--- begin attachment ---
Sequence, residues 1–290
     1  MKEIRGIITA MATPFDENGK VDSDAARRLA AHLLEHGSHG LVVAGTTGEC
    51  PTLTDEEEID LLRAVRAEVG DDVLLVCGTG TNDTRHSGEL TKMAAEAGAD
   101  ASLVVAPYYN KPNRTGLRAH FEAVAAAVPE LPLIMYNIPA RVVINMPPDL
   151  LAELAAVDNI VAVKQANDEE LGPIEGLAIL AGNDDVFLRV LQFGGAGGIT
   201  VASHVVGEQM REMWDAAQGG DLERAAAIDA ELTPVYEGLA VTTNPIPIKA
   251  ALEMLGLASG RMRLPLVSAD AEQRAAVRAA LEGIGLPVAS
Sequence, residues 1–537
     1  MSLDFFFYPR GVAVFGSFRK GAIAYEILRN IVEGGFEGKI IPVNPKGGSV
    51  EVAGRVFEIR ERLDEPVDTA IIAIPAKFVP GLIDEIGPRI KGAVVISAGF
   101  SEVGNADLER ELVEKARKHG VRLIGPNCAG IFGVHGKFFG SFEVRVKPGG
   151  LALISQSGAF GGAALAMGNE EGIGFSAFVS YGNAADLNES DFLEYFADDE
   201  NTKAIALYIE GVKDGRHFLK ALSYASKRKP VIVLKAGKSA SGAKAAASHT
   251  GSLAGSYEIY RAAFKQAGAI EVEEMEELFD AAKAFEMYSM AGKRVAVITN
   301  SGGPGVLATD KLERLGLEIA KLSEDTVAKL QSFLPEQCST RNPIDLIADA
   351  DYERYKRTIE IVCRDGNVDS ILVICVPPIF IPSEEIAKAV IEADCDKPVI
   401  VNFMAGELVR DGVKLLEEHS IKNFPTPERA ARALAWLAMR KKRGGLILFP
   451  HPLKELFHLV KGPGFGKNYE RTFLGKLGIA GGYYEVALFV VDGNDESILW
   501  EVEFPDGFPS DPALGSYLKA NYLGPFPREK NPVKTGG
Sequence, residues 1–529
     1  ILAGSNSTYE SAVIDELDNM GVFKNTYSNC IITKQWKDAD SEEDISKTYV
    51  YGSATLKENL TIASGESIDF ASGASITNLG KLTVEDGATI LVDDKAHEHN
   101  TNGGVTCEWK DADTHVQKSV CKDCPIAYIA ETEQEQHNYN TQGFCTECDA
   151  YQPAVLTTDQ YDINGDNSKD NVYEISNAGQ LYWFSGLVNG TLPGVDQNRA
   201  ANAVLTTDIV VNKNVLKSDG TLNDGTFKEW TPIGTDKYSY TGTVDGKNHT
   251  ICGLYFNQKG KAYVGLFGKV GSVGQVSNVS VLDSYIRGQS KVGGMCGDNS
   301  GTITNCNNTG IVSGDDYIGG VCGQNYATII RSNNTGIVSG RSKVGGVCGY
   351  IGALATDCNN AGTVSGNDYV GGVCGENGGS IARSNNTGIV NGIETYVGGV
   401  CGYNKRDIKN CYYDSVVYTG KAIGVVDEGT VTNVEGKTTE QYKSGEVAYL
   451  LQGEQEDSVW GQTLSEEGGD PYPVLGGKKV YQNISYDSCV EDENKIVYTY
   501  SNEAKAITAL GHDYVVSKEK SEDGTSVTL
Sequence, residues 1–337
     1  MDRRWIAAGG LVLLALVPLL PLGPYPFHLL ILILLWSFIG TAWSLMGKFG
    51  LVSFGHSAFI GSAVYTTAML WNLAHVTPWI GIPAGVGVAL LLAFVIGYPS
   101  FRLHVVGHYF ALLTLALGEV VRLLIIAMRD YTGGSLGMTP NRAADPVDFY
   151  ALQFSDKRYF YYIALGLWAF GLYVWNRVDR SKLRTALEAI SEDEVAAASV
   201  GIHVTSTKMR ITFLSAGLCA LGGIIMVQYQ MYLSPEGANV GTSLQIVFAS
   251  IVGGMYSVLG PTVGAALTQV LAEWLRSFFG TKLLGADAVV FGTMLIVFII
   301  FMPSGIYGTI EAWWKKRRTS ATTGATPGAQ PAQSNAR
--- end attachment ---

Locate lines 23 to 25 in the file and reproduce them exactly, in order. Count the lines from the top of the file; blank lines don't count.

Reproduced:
   101  TNGGVTCEWK DADTHVQKSV CKDCPIAYIA ETEQEQHNYN TQGFCTECDA
   151  YQPAVLTTDQ YDINGDNSKD NVYEISNAGQ LYWFSGLVNG TLPGVDQNRA
   201  ANAVLTTDIV VNKNVLKSDG TLNDGTFKEW TPIGTDKYSY TGTVDGKNHT